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02-16-2014, 02:53 PM   #16
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Rumor has it that when Kodak Gold was introduced, the native ISO was 200. But marketing saw that Kodak still needed an ISO 100 version. So.... the engineers added a neutral density layer to the Gold 200. Kodak set a nicely profitable price for the ISO 100 version, but the market was still charging a premium for ISO 200 products, so in spite of the fact that the ISO 200 product cost Kodak less to make than the ISO 100 product, Kodak charged more for the ISO 200 version than the ISO 100 version.

The moral here is that even film manufacturers used neutral density when necessary.

02-17-2014, 06:57 PM   #17
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I read an interview with the Sigma CEO from CP+ and he was promoting that their new quattro cameras lead in low ISO.
02-21-2014, 04:40 AM   #18
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Just keep an nd filter in ya bag.

Simple dimple pimple whimple.
02-21-2014, 05:05 AM   #19
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QuoteOriginally posted by Kameraten Quote
But what the OP thought and I also do think is that regardless of what comes out of the sensor it should be possible to just de-amplify (is that the word? Reduce?) the signal so that it equals f e ISO 25. Since quality is already extremely good at ISO 100 it doesn't need to get better. The benefit would be the possibility to use a large aperture in bright light
Doesn't work, once an area is overexposed there is no way to get the details back. A blown highlight will come back as a grey blob.

02-21-2014, 05:19 AM   #20
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QuoteOriginally posted by elliott Quote
It is a trade off, the lower the base ISO, the higher the signal must be amplified to achieve the higher ISOs. The higher the amplification, the more noise and the lower the dynamic range. Are the occasions you want ISO 25 so frequent that you'd give up ISO 1600? What about starting to lose dynamic range at ISO 100?

Maybe when we have sensors capable of clean ISO 51200 we will see a push towards lower ISOs, since that would mean a usable range of around 25-6400.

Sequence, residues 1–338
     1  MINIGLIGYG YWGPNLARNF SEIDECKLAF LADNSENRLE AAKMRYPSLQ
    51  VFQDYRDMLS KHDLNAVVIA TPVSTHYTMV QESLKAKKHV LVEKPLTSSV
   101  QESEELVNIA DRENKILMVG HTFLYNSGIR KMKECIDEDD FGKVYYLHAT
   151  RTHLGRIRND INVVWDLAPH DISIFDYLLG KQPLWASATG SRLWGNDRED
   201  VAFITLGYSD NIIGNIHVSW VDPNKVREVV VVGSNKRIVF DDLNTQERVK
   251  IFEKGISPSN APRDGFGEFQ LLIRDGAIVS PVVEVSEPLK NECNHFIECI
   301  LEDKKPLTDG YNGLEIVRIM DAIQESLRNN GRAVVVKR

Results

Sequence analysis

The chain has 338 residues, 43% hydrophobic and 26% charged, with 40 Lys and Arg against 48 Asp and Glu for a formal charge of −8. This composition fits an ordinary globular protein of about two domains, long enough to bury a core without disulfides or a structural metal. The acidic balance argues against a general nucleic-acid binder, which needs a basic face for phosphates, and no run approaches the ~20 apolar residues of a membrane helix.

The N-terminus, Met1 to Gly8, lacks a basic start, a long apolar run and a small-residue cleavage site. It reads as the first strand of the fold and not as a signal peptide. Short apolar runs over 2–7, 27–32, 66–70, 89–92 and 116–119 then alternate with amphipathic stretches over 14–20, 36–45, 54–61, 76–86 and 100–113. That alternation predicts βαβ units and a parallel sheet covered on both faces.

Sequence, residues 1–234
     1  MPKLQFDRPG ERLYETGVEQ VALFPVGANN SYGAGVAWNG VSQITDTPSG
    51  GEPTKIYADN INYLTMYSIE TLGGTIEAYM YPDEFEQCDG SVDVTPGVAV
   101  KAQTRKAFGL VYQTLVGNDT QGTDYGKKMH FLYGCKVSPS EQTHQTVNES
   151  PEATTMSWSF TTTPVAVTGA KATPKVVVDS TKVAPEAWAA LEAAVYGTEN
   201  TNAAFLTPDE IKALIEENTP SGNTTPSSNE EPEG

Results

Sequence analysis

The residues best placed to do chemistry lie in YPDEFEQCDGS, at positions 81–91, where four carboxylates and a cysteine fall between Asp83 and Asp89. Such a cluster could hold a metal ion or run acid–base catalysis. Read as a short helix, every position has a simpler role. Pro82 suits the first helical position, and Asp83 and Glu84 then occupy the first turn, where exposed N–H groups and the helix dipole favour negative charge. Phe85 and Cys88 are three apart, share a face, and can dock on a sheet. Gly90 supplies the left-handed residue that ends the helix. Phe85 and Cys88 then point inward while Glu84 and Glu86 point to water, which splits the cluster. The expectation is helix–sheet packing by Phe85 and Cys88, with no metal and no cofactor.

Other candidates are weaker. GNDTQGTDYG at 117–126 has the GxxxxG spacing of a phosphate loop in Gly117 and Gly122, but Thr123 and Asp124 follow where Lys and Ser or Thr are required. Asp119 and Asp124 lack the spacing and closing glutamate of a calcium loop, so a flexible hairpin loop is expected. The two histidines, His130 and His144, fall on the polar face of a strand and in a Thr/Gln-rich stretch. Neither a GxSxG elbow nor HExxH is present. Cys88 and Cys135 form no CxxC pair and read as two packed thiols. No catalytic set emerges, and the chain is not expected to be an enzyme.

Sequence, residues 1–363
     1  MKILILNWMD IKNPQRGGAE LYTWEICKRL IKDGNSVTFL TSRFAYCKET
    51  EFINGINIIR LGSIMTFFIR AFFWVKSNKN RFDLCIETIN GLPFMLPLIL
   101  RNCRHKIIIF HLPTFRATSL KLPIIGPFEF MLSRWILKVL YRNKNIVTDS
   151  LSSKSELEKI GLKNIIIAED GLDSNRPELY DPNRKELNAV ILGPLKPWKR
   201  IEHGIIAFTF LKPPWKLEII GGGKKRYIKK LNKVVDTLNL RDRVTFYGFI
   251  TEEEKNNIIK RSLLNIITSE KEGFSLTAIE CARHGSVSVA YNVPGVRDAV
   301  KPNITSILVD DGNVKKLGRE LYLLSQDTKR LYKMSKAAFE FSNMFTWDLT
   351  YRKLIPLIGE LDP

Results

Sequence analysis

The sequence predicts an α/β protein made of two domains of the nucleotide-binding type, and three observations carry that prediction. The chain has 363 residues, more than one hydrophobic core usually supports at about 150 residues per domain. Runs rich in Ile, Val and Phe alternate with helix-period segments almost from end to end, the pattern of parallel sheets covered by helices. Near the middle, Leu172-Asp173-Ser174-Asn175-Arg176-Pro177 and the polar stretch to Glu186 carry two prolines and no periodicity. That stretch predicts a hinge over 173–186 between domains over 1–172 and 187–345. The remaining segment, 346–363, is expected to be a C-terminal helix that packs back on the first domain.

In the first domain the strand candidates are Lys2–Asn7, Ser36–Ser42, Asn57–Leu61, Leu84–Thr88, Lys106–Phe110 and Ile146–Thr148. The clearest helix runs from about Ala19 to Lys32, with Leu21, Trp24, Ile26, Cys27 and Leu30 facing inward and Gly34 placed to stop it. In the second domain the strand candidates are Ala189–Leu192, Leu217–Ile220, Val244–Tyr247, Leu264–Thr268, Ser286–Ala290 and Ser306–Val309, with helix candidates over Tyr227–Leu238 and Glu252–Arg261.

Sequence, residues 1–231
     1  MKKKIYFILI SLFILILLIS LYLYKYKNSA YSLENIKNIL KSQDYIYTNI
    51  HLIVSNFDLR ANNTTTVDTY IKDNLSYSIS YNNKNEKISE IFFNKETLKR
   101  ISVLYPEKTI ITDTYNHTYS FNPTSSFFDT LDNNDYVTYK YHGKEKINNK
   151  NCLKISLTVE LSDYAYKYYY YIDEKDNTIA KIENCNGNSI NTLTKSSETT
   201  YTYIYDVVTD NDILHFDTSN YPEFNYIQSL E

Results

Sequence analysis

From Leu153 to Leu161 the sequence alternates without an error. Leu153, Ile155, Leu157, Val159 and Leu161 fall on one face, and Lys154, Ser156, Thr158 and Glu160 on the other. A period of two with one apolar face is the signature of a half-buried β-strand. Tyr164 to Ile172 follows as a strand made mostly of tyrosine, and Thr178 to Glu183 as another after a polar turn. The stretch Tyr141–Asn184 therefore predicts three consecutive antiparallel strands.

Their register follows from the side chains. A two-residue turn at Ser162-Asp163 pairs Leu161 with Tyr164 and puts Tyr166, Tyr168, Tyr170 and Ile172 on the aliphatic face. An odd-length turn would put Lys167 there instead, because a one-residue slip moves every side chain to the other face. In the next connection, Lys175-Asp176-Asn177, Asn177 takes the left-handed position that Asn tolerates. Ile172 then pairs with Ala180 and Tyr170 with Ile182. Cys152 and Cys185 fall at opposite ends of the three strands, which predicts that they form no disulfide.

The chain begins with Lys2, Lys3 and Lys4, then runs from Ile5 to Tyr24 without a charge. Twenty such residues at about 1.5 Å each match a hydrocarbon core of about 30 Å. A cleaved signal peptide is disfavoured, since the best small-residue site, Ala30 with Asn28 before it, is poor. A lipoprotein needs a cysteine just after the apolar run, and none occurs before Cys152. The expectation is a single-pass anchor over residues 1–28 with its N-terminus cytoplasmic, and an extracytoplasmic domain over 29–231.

Does it really work that way from a technical point off view?

So wen I could choose between:
- iso 100 - 51.200
- iso 50 - 25.600
- iso 25 - 6400

I would definatly go for the camera with iso 25 - 6400!!!
02-22-2014, 09:41 AM   #21
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QuoteOriginally posted by RonHendriks1966 Quote

I would definatly go for the camera with iso 25 - 6400!!!
Wouldn't it be cheaper to buy some ND4 filters?
02-22-2014, 10:49 AM   #22
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QuoteOriginally posted by Gimbal Quote
Wouldn't it be cheaper to buy some ND4 filters?
Yep, but that is not the point here.
I have at times come upon a scene that was brightly lit, and wanted to capture the action, by using a slow shutter, or to control the bokeh by opening aperture, however the scene brightness puts either option out of the range of the settings available.
Now if I am out and about with JUST my camera, I don't have a bag, and I don't have an ND filter available, well I just do not get the shot I wanted. Sucks.

Even if I did have a bag, with a filter, if the shot was an action shot, by the time I get the bag open, find the filter that fits the lens, install the lens, the "action" could be over a long time ago.

In addition using a "filter" puts more glass in the image and more chance of aberration, dust haze, flare, ect. etc.

I just wondered if anyone else would prefer to also have low ISO settings as well as high ISO settings, to increase the photo opportunities available.

---------- Post added 02-22-14 at 09:53 ----------

QuoteOriginally posted by tromboads Quote
Just keep an nd filter in ya bag.

Simple dimple pimple whimple.
what if ya got no bag, then there is no filter, and then, wham bam, no shot. That is the simple pimple.
02-22-2014, 08:54 PM   #23
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QuoteOriginally posted by 45 Mike Quote
Even if I did have a bag, with a filter, if the shot was an action shot, by the time I get the bag open, find the filter that fits the lens, install the lens, the "action" could be over a long time ago.